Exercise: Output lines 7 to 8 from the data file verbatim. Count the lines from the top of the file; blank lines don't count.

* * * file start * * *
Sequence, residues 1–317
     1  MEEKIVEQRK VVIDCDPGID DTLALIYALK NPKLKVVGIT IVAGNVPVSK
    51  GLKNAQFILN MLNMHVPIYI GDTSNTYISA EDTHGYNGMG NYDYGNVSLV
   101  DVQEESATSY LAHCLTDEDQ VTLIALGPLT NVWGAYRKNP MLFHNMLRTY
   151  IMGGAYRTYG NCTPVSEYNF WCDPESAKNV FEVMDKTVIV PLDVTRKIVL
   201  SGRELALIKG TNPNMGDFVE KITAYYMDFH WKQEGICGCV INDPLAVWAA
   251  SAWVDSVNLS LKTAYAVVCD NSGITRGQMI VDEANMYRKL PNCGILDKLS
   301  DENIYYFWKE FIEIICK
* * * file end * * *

   251  SAWVDSVNLS LKTAYAVVCD NSGITRGQMI VDEANMYRKL PNCGILDKLS
   301  DENIYYFWKE FIEIICK